[It had nearly come to nought from length of wear]. (Ṣ.) Used affirmatively, it is affirmative of the being near [to doing a thing, &c.]; and used negatively, it is negative thereof. It is a well-known opinion of many, that, used affirmatively, it is negative; and used negatively, it is affirmative: so that كَادَ زَيْدٌ يَفْعَلُ means [Zeyd was near to doing; but] he did not [or did not immediately]; as is shown by the expression [in the Ḳur xvii. 75, where إِنْ is a contraction of إِنَّ,] وَإِنْ كَادُوا لَيَفْتِنُونَكَ [And verily they were near to seducing thee]: and مَا كَادَ يَفْعَلُ means [He was not near to doing; but] he did; as is shown by the expression [in the Ḳur ii. 66,] وَمَا كَادُوا يَفْعَلُونَ [And they were not near to doing (it); but they afterwards did (it)]. I'Ab is related to have said, that wherever كَادَ and أَكَادُ and يَكَادُ occur in the Ḳur-án, they denote a thing's never happening. Some say, that كَادَ [with a negative] denotes an action's happening with difficulty. Some, again, say, that the pret. preceded by a negative is affirmative [of the action &c.]; as is shown by the expression وَمَا كَادُوا يَفْعَلُونَ [quoted above]: and that the aor. preceded by a negative is negative; as is shown by the expression [in the Ḳur xxiv, 40,] لَمْ يَكَدْ يَرَاهَا [He is not near to seeing it]; meaning that he sees not anything: [though this phrase is said to bear a different meaning, which see below]. But the correct opinion is the one first mentioned; that, used affirmatively, it is affirmative [of the being near to do a thing &c.]; and used negatively, it is negative [thereof]: so that كَادَ يَفْعَلُ signifies He was near to doing; but did not [or did not immediately]: and مَا كَادَ يَفْعَلُ He was not near to doing; much less did he do [or do immediately]; the denial of the action [or of the immediate performance of the action] being necessarily understood from the denial of the being near to do it. Aṣ to the expression in the Ḳur, وَمَا كَادُوا يَفْعَلُونَ [quoted above], it enunciates the state of the people to whom it relates in the beginning of their case; for they were far from sacrificing the cow; and the affirmation of the action is understood only from the [preceding] expression فَذَبَحُوهَا. And as to the expression [in the Ḳur xvii. 76,] لَقَدْ كِدتَّ تَرْكَنُ إِلَيْهِمْ [Thou hadst certainly been near to inclining to them], the Prophet's not inclining to them little or much is understood from لَوْلَا [preceding], which requires this inference. (TA.) [Often, however, or (as some say) generally, with a negative preceding or following it, it is affirmative of the action's happening, but only after difficulty, or delay.] Aboo-Bekr says, that مَا كَادَ فُلَانٌ يَقُومُ means [Such a one hardly, or scarcely, or tardily, rose; like لَمْ يَكَدْ يَقُومُ, and كَادَ لَا يَقُومُ; وَقَدْ قَامَ being understood; or] he rose after being slow, or tardy: (L:) and accord. to Az and others, مَا كِدْتُ أَفْعَلُ means [I hardly, or scarcely, or tardily, did; or] I did after being slow, or tardy: but sometimes it means I was not near to doing. (Mṣb, art. كيد.) It is said, that كَادَ is sometimes a [mere redundant] connective (صِلَة) of the members of a sentence; (Kutr, Akh, AHát, Ḳ;) as in لَمْ يَكَدْ يَرَاهَا [quoted above], meaning, He does not see it: (Ḳ:) or this means he is not near to seeing it: or, as some say, he sees it after his having been not near to seeing it by reason of the intenseness of the darkness: [or he hardly, or scarcely, or tardily, sees it:] and Fr says, with reference to the verse in which this phrase occurs, that it is allowable to say لَمْ يَكَدْ يَقُومُ [meaning, He hardly, or scarcely, or tardily, rose] when one has risen after difficulty. (TA.) [Thus it appears, that, مَا كَادَ يَفْعَلُ and لَمْ يَكَدْ يَفْعَلُ sometimes signify He hardly, or scarcely, or tardily, did: and sometimes, he was not near to doing; he never did; he did not at all: so that it may be rendered he hardly or scarcely, or nowise or in nowise or never, did: or he could hardly do, or he could not at all, or could not nearly, or he could nowise or in nowise, do.]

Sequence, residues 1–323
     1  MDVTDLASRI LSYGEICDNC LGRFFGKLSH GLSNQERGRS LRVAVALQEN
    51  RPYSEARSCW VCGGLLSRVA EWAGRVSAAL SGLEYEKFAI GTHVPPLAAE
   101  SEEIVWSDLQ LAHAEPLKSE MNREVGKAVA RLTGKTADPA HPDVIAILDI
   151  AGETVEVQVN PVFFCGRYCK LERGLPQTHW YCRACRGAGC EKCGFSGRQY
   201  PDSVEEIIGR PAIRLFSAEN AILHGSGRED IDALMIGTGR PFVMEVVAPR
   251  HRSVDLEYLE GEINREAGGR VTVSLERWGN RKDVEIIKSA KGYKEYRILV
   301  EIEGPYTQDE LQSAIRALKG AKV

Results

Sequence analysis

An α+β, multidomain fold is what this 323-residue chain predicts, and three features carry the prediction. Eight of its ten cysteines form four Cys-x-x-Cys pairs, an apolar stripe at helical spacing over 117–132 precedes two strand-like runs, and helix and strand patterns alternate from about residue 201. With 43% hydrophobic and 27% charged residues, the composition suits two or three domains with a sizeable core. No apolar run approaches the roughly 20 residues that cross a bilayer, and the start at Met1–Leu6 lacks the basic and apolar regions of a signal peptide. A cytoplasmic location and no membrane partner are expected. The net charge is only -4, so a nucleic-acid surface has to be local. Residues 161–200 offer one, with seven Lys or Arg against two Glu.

Aṣ asserts his having heard certain of the Arabs say, لَا أَفْعَلُ ذٰلِكَ وَلَا كَوْدًا [I will not do that, nor will I be near to doing it]. (Ṣ.)
كَادَ also signifies He desired; syn. أَرَادَ. (Akh, Ṣ, Ḳ.) So in the verse
* كَادَتْ وَكِدْتُ وَتِلْكَ خَيْرُ إِرَادَةٍ *
* لَوْ عَادَ مِنْ لَهْوِ الصَّبَابَةِ مَا مَضَى *
[She desired, and I desired; and that were the best of desire, if what hath passed, of the diverting delight of tender love, returned]. (Akh, Ṣ.) So, too, in the saying in the Ḳur [xx. 15,] أَكَادُ أُخْفِيهَا I desire (Ṣ, Ḳ) to conceal it: or, to manifest it: (Beyd:) for, like as it is allowable to put أُرِيدُ in the place of أَكَادُ, as in the saying in the Ḳur [xviii. 76,] جِدَارًا يُرِيدُ أَنْ يَنْقَضَّ, so it is to use اكاد [in the place of اريد]: Akh says, that the words of the verse in question mean I will conceal it, أُخْفِيهَا: and some say, that the meaning is I will manifest it: (TA:) but most hold, that اكاد should here be rendered in its original sense. (MF, TA.) Some of the Arabs make كاد to denote certainty; like ظَنَّ, which primarily denotes doubt, and secondarily certainty. (L, art. كيد.)
عَرَفَ مَا يُكَادُ مِنْهُ [is in like manner explained] He hath become acquainted with that which is desired of him. (Ṣ, Ḳ.)
You say to him who seeks of you a thing, when you do not desire to give him it, لَا وَلَا مَكَادَةَ وَلَا مَهَمَّةَ, (Lth, Ṣ, * L, Ḳ, *) and لَا كَوْدًا وَلَا هَمًّا, and لَا مَكَادًا وَلَا مَهَمًّا, (Lth, L,) i. e. لَا أَكَادُ وَلَا أَهُمُّ [No, nor do I desire, nor do I purpose, or intend]. (Lth, L, Ḳ.)
You also say, in the same sense, لَا مَهَمَّةَ لِى وَلَا مَكَادَةَ [I have no purpose or intention, nor any desire]. (Ṣ)
See also كَادَ in art. كيد.